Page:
Linkage analysis is one component of profiling, a method that is part science and part art and is used to analyze a crime and to develop a profile of the type of person who might commit such a crime. In linkage analysis, investigators study two or more crimes, looking for similarities. They are trying to determine whether the crimes might have been committed by the same person. They look to see whether the method of operation, or MO, was the same or different, and whether either or both crimes involved any ritualistic behaviors that could be used to characterize the suspect.
The MO includes those acts necessary to accomplish the crime and the consequences of those acts. For example, shooting a victim with a gun, with the consequence being that the victim dies. In contrast, a ritual is an act unnecessary to the commission of the crime that is carried out in order to meet the emotional needs of the offender. Common examples of ritualistic acts include excessive brutality (in particular, damage to certain parts of the body), biting (typically an anger-motivated behavior that may be done randomly or target particular sites on the body), injurious anal penetration (also an expression of anger), manual rather than ligature strangulation (use of the hands makes the act more personal), and injuries inflicted from the front, so that the offender can see the victim's face and watch their anguish. With these behaviors or rituals, the offender is expressing his perverse pleasure in harming the victim.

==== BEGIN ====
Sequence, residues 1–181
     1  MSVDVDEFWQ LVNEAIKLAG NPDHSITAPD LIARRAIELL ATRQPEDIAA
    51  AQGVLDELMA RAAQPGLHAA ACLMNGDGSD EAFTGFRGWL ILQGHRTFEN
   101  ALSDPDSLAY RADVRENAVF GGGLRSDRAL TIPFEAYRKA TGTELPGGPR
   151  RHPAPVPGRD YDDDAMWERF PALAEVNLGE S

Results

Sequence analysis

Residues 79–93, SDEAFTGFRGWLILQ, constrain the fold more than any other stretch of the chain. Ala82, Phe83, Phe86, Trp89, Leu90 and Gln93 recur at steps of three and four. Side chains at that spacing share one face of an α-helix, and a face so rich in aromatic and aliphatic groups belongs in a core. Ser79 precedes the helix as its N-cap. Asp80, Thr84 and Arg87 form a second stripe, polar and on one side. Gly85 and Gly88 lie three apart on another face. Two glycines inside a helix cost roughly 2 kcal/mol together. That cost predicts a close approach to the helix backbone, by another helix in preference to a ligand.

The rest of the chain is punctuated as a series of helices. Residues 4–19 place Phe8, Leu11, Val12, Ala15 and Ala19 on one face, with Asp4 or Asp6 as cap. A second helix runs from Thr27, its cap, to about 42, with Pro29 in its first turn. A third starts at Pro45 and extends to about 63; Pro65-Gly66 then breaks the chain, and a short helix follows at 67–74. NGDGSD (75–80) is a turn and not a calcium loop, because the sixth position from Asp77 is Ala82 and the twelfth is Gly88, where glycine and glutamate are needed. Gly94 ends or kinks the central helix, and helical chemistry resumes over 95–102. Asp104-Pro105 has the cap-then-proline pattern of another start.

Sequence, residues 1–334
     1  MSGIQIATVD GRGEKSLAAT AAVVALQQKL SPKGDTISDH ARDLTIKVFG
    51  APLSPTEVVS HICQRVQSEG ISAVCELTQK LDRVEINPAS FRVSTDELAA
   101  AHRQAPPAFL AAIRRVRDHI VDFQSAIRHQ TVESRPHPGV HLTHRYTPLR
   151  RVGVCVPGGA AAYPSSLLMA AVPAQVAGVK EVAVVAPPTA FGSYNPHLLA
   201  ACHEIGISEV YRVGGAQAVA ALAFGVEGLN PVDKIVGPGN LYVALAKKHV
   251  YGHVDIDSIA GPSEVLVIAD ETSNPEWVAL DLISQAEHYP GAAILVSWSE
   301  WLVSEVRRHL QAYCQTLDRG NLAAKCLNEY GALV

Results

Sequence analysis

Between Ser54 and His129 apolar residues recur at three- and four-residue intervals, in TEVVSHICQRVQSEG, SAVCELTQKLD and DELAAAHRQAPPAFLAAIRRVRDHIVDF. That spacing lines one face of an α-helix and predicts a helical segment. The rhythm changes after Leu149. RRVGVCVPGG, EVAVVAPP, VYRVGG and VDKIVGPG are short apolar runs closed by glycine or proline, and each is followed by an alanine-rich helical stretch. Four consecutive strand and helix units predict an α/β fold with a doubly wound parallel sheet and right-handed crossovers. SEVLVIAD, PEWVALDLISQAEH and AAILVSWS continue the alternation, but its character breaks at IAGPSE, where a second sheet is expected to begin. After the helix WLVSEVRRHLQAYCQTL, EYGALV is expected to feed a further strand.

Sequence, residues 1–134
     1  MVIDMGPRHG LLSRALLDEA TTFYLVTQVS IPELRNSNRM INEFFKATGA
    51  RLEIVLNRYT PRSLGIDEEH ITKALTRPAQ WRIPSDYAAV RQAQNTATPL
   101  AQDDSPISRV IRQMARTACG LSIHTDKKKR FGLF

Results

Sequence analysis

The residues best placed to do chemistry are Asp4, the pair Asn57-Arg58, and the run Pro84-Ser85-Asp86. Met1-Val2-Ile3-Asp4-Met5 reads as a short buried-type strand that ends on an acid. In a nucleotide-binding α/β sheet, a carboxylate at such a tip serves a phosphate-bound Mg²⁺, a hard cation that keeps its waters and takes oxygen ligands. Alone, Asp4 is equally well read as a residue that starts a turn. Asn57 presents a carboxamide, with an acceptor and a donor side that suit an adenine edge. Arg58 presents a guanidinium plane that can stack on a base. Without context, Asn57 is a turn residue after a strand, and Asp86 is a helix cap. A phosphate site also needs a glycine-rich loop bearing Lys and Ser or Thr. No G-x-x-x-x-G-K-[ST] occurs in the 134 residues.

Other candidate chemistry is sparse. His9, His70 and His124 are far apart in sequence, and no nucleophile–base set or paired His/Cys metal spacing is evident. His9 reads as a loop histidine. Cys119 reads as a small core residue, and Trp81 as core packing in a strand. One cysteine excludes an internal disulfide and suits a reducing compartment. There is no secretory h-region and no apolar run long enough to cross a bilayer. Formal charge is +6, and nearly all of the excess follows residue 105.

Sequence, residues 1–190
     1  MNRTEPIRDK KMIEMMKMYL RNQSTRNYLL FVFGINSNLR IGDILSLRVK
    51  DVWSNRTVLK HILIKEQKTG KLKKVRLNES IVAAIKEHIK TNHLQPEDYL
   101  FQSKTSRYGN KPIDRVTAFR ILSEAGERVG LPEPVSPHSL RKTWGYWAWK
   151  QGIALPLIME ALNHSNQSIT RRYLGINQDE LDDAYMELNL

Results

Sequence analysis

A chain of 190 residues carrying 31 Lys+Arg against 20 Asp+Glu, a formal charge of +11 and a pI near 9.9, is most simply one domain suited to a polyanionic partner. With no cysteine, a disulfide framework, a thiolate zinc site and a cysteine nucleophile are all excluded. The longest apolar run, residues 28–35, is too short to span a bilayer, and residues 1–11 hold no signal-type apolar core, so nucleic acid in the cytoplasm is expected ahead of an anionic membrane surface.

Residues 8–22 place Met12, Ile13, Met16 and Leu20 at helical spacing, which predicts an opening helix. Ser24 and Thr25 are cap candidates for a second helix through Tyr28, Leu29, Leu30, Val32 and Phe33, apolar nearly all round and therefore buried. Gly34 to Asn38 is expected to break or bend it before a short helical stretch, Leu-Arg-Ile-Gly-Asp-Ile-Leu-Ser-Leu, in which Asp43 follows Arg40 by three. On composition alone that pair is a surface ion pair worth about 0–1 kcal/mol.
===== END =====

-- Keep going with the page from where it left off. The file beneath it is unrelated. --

Ritualistic behaviors can fall into several categories: cultural rituals, religious rituals, psychological rituals, and psychosexual rituals. Psychosexual rituals, which represent the mental and emotional component of the human sex drive, are sometimes evident in crimes involving excessive brutality and sexual assault and mutilation. The individual who engages in psychosexual ritualistic behavior is attempting to gratify the psychosexual drive.
There are two general categories of sex offenders: impulsive offenders, who seldom have ritualistic behaviors; and ritualistic offenders, who almost always have rituals associated with the commission of a crime. Furthermore, these categories are not mutually exclusive; some offenders will be impulsive and perform ritualistic acts.
Crimes can be linked by a single ritualistic behavior or by a unique combination, or pattern of behaviors, called a signature. With this unique pattern of ritualistic behaviors, the offender leaves his or her "signature" on the crime. In the case of linkage between two signature crimes, it is not just the similarities between the two incidents that are important, but also the uniqueness of the combination of behaviors.
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